5 Common Treatments for Depression

Hey Optimist Minds!

In 2017, the World Health Organisation released a report listing depression as the leading cause of disability worldwide. The report mentioned that 322 million people, or 4.4% of the world’s population, lived with depression.

The condition is characterised by persistently depressed mood or loss of interest in activities, causing significant impairment in daily life. When you’re depressed, you feel disconnected and isolated. There may be changes in appetite, sleep, socialising, and the ability to feel joy.

Treatment options for depression incorporate many different approaches to psychopathology. In this video, we’re going to describe five common treatments for depression.

We want our viewers to know that this information shared here is only descriptive and meant to help you make informed decisions. However, when making choices for treatment options, always take into consideration the expert advice of a licensed therapist.

Now, let’s begin.

Number One

Pharmacotherapy.

The most traditional approach to the treatment of depression is through prescription drugs. A special category of medication, labelled as antidepressants, are exclusively made for the treatment of clinical depression.

Many different types of drugs fall into this category. The most popularly known brand names are Zoloft, Prozac, and Lexapro.

Taking medication can help lower the intensity and frequency of symptoms, but they cannot cure depression by themselves. It takes regular psychotherapy, lifestyle changes, and a strong support system for one to overcome depression.

Number Two

Psycho-dynamic therapy.

Another conventional treatment for depression is psychodynamic therapy. This method is designed to promote self-examination and self-reflection. 

Through conversations with the therapist, you learn the psychological causes behind your actions. You also develop coping strategies based on awareness and intentional action, rather than reactive feelings and behaviours.

When taken in combination with medication, psycho-dynamic therapy can be a pretty effective treatment.

Number Three

Cognitive-behavioural therapy.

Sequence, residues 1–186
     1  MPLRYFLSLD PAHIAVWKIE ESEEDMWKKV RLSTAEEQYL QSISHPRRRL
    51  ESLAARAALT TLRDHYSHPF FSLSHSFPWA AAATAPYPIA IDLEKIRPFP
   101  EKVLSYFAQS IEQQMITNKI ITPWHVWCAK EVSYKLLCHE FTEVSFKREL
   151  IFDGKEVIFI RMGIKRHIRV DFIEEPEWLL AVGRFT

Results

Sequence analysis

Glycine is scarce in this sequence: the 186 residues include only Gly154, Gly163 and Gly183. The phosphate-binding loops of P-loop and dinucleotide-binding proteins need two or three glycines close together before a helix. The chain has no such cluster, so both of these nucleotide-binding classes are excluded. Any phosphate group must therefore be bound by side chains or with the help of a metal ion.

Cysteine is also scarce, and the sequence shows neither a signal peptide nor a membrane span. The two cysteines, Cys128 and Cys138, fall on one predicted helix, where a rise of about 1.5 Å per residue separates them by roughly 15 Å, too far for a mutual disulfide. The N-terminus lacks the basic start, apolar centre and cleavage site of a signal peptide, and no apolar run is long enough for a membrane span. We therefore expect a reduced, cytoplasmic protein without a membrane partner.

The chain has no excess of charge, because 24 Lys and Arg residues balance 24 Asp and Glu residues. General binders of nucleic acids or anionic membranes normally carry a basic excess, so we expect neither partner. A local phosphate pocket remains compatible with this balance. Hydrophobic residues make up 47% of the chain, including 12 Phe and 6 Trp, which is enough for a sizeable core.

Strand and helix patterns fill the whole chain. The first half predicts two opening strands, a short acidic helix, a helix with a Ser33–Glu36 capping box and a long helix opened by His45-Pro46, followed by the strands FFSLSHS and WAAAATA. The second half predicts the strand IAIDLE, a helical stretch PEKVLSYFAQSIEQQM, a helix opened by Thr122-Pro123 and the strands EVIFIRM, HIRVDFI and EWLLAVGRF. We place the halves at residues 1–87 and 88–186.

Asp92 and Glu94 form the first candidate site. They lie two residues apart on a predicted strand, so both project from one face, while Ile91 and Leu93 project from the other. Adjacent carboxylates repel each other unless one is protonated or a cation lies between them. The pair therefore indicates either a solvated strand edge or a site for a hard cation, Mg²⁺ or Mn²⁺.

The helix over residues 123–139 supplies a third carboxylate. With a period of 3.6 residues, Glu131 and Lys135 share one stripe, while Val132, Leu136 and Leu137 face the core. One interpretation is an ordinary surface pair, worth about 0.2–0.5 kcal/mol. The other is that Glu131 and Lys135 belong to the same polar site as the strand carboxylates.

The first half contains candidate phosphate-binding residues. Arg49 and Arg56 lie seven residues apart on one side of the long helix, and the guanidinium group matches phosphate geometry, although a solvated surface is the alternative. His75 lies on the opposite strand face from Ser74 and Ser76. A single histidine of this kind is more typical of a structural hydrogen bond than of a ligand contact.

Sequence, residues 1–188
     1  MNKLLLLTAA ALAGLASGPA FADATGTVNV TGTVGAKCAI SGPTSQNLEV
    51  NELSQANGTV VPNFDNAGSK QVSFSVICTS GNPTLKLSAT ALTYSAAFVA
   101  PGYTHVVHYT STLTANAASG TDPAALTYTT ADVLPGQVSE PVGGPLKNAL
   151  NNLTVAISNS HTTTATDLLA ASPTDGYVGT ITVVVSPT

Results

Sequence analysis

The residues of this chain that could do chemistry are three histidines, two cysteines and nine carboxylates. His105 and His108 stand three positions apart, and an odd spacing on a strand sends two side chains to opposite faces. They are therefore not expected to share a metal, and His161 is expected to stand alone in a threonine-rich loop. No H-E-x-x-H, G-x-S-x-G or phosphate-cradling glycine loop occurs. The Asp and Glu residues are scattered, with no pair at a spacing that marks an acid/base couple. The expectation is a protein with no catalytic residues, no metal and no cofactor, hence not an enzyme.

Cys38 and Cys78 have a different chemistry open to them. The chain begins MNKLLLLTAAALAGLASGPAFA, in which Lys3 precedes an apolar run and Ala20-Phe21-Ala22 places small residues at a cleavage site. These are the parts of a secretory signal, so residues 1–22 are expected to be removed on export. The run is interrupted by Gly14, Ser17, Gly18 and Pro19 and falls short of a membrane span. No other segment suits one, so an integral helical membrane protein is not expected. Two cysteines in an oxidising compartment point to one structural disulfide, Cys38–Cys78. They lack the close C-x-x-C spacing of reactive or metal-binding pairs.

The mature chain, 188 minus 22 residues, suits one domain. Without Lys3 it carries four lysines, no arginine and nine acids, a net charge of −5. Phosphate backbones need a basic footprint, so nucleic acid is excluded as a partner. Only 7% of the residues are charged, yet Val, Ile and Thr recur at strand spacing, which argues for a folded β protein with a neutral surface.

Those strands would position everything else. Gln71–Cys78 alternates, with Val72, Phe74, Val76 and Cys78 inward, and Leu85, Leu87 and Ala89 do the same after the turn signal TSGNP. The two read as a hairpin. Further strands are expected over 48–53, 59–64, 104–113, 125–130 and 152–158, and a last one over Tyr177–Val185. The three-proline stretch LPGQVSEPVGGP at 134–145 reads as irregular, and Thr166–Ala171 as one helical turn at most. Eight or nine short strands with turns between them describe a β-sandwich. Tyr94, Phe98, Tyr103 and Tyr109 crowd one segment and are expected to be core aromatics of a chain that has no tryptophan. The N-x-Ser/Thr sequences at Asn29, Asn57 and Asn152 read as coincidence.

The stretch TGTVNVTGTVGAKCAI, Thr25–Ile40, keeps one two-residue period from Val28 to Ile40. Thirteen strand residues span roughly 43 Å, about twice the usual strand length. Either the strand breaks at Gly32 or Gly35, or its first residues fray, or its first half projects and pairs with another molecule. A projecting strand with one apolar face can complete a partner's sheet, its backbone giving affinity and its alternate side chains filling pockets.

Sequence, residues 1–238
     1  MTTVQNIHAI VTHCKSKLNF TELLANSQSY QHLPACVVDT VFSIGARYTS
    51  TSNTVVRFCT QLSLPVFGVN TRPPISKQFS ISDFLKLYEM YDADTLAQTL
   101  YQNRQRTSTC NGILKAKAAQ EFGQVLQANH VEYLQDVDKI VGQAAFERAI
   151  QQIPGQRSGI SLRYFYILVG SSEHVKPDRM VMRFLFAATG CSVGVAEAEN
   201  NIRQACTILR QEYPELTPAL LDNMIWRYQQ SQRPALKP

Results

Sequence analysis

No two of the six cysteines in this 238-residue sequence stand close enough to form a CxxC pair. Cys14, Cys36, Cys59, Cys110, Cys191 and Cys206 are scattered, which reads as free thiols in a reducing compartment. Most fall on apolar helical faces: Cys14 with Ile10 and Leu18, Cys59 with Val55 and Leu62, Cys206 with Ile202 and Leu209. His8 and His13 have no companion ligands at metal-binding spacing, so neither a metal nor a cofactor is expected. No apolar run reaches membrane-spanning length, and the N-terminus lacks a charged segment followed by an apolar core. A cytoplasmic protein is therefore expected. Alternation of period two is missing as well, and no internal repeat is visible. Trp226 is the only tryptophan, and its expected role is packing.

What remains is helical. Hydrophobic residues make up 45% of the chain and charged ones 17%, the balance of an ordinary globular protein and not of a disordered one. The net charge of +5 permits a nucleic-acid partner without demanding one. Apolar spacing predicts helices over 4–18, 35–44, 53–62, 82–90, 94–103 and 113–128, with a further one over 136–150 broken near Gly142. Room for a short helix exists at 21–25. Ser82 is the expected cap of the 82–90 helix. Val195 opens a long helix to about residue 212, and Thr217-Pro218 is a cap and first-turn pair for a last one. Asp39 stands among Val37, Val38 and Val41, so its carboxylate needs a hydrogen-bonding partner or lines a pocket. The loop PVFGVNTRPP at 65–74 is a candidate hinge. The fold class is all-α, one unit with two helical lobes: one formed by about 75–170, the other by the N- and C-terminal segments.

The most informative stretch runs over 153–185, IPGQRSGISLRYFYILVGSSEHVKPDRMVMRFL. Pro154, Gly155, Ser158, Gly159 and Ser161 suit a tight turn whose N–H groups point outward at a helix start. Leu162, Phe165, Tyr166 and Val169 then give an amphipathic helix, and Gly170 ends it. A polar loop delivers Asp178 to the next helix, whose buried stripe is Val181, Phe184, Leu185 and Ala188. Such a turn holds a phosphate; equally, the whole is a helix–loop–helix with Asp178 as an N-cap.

A more recent approach for treatment is to understand and change patterns of thinking. Depression is essentially a thought disorder. It is caused when we fall into habits of unhelpful ways to think. 

The habits form strong neural connections in our brain and we lose our ability to look at things from multiple perspectives. We think that only the negative narrative is true.

Cognitive-behavioural therapy, better known as CBT, uses techniques to help individuals recognise the unhelpful patterns and to replace them with helpful ones. 

It takes time and effort, but practising CBT is like undoing the damage depression causes. You train yourself to develop multiple outlooks so you get to choose the one which brings you the most peace.

Number Four

Interpersonal therapy.

The previous two methods of psychotherapy mainly deal with the client taking them. But sometimes, the cause of depression has more to do with the client’s relationships with other people.

Perhaps you’re having a difficult marriage or your family just doesn’t seem to care about you. In interpersonal therapy, the work done is focused on improving communication and social skills.

The idea is to help the individual nourish their relationships to develop a stronger support system.

Number Five

Neuropsychiatric medical devices.

Today, several devices are being used to improve both physical and mental health. 

For depression, there are various kinds of neuropsychiatric medical devices, such as vagus nerve stimulation (VNS), transcranial magnetic stimulation (TMS), deep brain stimulation (DBS), and electroconvulsive therapy (ECT).

Each of these devices stimulates different parts of the nervous system to reduce symptoms of depression. Plenty of research is being done on how to optimise these treatment options.

Now that you’ve heard of all these different options, which treatment seems most appropriate for you? Do you have any personal experiences related to fighting depression that you’d like to share?

Please let us know your thoughts in the comments section. The Optimist Minds Community would love to hear from you!

A link for further reading and the studies & references used in the making of this video are mentioned in the description below.

Thanks for visiting optimist minds, take care. Until next time.

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